Lt. Gov. Dan Forest said Saturday that President Barack Obama was wrong to defer deportation for some immigrants who entered the United States illeglly as children, and the state attorney general's office was wrong in issuing its opinion that participants in the deferred-action program are legally eligible to get driver's licenses in North Carolina, The N&O's Bruce Siceloff reports.
"A person entering the United States illegally should not be afforded the privileges reserved for US citizens," Forest said in an email statement released by his chief of staff, Hal Weatherman. "The President is willfully ignoring the laws on the books and should be Constitutionally challenged on this point by our Congress.
While Congress has not acted, we in North Carolina can and should. We are a sovereign state and need to stand up and push back when the Feds encroach on our ability to protect our citizens and enforce our laws. The Attorney General's ruling leaves open the possibility that the DMV can issue licenses to those individuals who came to our country and state illegally. I disagree with this action."
The state Department of Transportation said Friday that it was "carefully assessing" the opinion issued Thursday by Grayson Kelley.
The Obama administration's Deferred Action for Childhood Arrivals program delays deportation for two years for some illegal immigrants. Kelley wrote that the DACA program allows the young immigrants to remain legally in the country for two years, and it meets state law requirements for confirming the "legal presence" in North Carolina of non-residents who apply for driver's licenses.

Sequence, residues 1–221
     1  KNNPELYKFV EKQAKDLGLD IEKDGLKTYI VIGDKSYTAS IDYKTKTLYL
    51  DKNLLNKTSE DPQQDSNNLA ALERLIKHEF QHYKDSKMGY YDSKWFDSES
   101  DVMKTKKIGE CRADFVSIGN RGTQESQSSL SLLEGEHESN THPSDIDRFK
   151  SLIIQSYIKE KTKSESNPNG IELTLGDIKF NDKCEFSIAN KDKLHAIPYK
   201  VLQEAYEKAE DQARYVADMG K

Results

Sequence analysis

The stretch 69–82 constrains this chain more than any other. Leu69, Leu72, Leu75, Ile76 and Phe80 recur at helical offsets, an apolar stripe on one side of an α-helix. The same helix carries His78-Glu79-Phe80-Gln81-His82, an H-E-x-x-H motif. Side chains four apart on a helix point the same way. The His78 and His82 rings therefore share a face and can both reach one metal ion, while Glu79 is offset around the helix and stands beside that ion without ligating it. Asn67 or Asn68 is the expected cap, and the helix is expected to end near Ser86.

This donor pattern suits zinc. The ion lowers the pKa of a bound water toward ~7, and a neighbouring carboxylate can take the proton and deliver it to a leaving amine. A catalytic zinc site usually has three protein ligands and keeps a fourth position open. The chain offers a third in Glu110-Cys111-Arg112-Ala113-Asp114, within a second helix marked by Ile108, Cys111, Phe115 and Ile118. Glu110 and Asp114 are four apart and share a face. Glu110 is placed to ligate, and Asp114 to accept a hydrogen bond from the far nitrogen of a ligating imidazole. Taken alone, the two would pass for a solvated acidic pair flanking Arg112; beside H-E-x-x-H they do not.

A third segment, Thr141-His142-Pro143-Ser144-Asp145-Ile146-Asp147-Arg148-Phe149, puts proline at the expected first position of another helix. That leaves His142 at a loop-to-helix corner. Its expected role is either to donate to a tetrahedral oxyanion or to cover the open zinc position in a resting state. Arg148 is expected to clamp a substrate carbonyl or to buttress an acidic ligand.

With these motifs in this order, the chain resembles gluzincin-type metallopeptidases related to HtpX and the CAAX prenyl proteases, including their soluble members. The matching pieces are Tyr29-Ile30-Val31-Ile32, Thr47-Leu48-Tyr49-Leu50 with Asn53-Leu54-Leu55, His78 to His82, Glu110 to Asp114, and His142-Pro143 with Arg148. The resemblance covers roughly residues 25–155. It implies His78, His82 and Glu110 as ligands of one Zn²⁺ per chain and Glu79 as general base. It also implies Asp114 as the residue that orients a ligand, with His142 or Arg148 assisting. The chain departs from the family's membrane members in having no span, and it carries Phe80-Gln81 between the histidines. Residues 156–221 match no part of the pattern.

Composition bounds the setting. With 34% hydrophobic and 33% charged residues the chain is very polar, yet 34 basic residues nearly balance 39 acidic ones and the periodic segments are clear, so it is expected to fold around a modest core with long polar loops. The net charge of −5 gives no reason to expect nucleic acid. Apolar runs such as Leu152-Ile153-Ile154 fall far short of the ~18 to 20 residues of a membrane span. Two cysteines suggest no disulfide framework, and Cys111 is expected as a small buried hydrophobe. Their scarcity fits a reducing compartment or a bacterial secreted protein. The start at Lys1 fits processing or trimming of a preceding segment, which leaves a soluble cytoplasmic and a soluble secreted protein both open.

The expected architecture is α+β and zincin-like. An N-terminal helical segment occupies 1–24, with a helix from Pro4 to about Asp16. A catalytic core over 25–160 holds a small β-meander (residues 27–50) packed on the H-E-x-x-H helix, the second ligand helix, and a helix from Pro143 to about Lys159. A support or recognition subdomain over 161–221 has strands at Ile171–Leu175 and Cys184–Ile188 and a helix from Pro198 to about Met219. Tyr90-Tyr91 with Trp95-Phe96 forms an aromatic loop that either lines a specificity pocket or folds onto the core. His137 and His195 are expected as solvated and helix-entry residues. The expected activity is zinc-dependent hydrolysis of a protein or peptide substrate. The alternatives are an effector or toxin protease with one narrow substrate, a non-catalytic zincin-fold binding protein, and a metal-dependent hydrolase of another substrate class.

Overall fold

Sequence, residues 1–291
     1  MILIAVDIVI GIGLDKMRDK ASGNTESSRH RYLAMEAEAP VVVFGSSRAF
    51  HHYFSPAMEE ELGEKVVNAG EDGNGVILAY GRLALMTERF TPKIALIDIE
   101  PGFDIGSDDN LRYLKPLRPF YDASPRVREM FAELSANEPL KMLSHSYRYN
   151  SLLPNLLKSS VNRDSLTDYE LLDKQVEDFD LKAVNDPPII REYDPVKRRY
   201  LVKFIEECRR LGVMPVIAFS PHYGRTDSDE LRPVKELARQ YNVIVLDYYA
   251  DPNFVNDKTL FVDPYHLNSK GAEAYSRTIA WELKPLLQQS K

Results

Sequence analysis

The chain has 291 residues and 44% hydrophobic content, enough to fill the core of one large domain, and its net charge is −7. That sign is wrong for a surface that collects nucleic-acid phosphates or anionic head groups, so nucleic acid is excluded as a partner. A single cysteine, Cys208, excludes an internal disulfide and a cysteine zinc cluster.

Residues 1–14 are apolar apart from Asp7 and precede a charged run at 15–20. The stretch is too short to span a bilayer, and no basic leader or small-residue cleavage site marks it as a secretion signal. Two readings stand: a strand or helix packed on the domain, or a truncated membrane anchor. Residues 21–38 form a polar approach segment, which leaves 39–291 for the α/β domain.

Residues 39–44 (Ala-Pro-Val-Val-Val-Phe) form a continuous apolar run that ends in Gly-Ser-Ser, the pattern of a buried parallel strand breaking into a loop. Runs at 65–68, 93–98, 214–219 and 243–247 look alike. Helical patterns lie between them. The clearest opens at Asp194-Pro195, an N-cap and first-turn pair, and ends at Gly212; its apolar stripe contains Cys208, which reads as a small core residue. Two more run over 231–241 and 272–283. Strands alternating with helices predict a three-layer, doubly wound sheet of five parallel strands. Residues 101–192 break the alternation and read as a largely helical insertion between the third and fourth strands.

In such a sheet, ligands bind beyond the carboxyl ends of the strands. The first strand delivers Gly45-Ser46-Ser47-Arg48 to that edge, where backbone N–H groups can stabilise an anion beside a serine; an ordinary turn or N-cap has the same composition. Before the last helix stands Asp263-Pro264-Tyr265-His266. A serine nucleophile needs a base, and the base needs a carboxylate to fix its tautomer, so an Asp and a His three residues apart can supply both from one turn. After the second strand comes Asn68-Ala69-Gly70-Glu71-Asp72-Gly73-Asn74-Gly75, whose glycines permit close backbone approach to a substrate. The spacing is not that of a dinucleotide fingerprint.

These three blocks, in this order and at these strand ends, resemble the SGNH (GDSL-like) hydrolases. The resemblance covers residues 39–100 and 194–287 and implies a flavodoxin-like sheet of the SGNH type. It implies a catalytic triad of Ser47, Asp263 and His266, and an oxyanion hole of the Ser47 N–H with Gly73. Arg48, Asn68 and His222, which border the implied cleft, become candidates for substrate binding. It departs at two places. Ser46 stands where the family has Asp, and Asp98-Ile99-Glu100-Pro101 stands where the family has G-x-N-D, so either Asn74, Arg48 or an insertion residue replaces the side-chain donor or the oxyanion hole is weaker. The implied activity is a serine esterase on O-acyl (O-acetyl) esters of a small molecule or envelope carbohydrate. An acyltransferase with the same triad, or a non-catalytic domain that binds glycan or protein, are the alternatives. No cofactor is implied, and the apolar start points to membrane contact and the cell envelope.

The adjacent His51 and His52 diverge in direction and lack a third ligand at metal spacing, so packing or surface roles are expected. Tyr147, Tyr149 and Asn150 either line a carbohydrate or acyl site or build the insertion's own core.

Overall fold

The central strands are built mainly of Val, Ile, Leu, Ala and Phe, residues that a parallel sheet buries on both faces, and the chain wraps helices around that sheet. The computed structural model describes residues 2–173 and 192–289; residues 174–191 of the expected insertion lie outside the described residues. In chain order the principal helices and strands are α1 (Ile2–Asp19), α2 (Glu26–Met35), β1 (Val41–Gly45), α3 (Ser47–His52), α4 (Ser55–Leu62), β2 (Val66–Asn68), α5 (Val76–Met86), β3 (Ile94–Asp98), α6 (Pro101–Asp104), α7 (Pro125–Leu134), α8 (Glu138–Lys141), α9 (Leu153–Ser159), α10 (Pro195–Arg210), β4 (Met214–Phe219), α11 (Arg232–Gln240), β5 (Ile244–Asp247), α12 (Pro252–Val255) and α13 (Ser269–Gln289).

Kelley wrote that neither the DACA program nor his opinion has any effect on the lawful status of illegal immigrants.
"We believe that individuals who present documentation demonstrating a grant of deferred action by the United States are legally present in the United States and entitled to a drivers license of limited duration, assuming all other criteria are met," Grayson wrote.
"This conclusion should not be construed to suggest that individuals granted deferred status under the DACA program have 'lawful status' in the United States. ... (Homeland Security) Secretary (Janet) Napolitan's memorandum, in fact, specifically states: 'This memorandum confers no substantive right, immigration status or pathway to citizenship.' There exists, however, a recognized legal distinction in immigration law between 'lawful status' and 'legal presence.'"